This month I’ve been talking about the books I read and the lessons I learned during a Category Fiction class last fall. One of the things I admire most about the structure of the course is the way the professor managed to turn profoundly bad books into brilliant educational opportunities.
So far I’ve had a lot to say about things I learned from books I really didn’t like, and it only gets worse. The next two books I want to discuss are the books I liked least out of the entire course.
Go Big, Or Go Home
They weren’t just technically flawed, stuttering or stumbling in pursuit of a compelling storyline. These two were awful. They were unpleasant to read. They made me hate the authors.
And yet, even as I was despising these books, they were actively pointing out to me what my own writing is missing. Along with the rest of the books in the course, these books helped teach me one of the most surprising and most valuable lessons I’ve learned this semester.
That lesson is (to borrow terminology popular among sports pundits):
Go big, or go home.
I have a bad habit in my writing of pulling my punches — whether they’re emotional, physical, or just narrative. I know why, too.
I started out writing fantasy when I was ten years old, and then at some point when I was in college I found myself standing in front of a room full of engineers and business majors giving a class presentation about my semester project — a market analysis and submission package for my world of wizards and elves and dragons.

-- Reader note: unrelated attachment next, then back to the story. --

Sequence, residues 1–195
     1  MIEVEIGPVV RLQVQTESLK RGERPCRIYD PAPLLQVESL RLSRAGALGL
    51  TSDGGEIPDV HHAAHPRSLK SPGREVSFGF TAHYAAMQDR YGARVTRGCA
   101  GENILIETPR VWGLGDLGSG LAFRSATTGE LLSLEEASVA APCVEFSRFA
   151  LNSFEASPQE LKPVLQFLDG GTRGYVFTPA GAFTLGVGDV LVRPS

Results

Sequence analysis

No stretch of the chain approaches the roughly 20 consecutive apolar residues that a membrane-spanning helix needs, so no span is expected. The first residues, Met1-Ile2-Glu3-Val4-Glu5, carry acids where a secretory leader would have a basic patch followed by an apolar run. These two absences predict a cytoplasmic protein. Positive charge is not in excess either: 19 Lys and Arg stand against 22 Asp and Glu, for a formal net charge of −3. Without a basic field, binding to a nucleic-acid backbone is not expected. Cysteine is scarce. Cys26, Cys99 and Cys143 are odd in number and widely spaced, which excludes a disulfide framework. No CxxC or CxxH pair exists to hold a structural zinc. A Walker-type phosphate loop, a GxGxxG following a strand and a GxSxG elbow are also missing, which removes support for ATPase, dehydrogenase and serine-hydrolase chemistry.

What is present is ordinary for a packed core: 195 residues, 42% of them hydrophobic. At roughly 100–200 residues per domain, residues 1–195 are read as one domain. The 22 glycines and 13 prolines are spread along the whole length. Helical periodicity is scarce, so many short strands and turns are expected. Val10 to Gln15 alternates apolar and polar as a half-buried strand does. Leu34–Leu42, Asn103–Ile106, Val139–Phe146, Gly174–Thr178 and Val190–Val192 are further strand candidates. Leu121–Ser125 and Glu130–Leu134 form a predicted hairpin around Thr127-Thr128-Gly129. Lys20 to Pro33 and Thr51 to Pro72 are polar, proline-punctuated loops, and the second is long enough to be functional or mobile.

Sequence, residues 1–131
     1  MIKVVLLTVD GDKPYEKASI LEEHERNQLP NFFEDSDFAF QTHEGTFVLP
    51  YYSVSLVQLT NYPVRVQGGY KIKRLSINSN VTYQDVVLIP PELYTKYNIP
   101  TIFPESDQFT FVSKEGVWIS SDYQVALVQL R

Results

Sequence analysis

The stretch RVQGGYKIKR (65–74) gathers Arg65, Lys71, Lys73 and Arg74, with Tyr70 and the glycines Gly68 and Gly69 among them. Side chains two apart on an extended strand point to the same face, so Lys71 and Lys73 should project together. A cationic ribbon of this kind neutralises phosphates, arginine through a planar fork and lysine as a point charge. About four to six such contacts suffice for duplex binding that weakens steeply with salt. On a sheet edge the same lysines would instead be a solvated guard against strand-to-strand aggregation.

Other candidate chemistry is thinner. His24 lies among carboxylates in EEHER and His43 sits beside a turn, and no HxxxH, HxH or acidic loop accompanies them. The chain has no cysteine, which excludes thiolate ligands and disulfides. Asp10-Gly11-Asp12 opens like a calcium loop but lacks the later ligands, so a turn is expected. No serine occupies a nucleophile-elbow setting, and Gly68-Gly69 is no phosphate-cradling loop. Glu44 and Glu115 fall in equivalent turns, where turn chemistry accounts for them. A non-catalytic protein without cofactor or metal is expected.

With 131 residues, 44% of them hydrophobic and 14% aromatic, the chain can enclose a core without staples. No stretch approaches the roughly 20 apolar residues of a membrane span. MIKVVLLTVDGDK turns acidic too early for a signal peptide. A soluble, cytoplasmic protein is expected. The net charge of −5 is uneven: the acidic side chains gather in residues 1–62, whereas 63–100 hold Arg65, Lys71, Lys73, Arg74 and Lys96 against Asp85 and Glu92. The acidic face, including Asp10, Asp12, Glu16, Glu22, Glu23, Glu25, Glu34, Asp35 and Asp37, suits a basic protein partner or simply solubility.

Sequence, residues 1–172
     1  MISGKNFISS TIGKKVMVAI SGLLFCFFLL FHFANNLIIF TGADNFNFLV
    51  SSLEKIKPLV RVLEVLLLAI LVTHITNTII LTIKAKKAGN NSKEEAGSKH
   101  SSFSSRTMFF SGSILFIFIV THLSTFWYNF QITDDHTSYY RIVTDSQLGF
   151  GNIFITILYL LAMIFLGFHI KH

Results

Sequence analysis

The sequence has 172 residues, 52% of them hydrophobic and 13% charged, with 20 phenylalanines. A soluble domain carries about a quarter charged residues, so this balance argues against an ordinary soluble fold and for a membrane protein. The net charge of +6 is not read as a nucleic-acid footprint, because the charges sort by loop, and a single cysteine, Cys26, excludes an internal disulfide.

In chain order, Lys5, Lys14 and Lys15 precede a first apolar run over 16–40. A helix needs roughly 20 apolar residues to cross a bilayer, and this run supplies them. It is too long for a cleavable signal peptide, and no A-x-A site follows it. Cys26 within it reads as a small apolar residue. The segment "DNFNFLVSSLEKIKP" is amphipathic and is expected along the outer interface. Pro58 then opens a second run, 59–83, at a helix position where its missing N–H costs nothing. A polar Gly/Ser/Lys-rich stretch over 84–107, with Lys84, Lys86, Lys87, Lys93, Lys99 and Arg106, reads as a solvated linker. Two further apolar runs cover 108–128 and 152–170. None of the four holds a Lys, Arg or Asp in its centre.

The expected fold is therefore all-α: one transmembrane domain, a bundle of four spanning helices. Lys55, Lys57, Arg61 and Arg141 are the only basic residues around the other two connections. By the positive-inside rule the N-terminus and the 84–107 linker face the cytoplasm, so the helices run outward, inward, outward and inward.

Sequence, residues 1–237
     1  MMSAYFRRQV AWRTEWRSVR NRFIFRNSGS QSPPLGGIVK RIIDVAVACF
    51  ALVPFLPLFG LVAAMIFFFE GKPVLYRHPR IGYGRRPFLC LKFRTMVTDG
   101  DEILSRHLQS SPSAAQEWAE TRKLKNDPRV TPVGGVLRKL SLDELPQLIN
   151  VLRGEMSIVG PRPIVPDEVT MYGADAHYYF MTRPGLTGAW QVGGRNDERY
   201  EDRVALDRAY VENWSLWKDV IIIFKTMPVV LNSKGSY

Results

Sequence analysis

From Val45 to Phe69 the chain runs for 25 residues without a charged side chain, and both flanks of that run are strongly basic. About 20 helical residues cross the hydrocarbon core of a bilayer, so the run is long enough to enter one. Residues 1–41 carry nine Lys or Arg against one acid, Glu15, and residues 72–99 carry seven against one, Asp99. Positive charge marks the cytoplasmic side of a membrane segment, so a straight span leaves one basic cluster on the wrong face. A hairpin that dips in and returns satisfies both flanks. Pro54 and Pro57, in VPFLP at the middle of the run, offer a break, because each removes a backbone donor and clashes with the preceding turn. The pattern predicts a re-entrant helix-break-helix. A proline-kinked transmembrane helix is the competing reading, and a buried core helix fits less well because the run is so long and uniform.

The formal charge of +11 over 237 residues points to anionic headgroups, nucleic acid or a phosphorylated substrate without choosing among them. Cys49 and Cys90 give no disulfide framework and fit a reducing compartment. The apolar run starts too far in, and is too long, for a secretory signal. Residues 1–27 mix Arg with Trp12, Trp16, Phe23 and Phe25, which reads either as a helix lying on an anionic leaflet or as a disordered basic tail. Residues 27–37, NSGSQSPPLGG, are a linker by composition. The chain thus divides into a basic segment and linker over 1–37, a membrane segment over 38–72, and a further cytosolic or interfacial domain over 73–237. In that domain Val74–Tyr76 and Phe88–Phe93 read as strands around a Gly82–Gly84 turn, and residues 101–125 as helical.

I made it about thirty seconds into my presentation before I began suffering an intense feeling of humiliation, and the following eighteen months of blind submissions and (perfectly merited, I now know) rejection letters only confirmed to me that I was writing about silly things.
So I abandoned fantasy, and switched to writing mainstream literature. It was grown-up, it was philosophical, and it was intensely believable. Everything that happened on the page made perfect sense. None of it was silly. None of it was melodramatic. None of it was big. (And, incidentally, none of it really got read, even by friends and family.)
I’ve left that series behind and moved on to better narratives, but I still shy away from intense drama. Not so these authors!
I suppose this goes right back to my first point, but just reading again reminded me what stories are supposed to be. They’re supposed to be big. They’re supposed to be filled with remarkable events. They’re supposed to startle and astonish and impress.
Come back tomorrow and I’ll tell you about two books that have the nerve to do just that (even as they make you want to claw your eyeballs out with their miserable storytelling). Should be a fun read.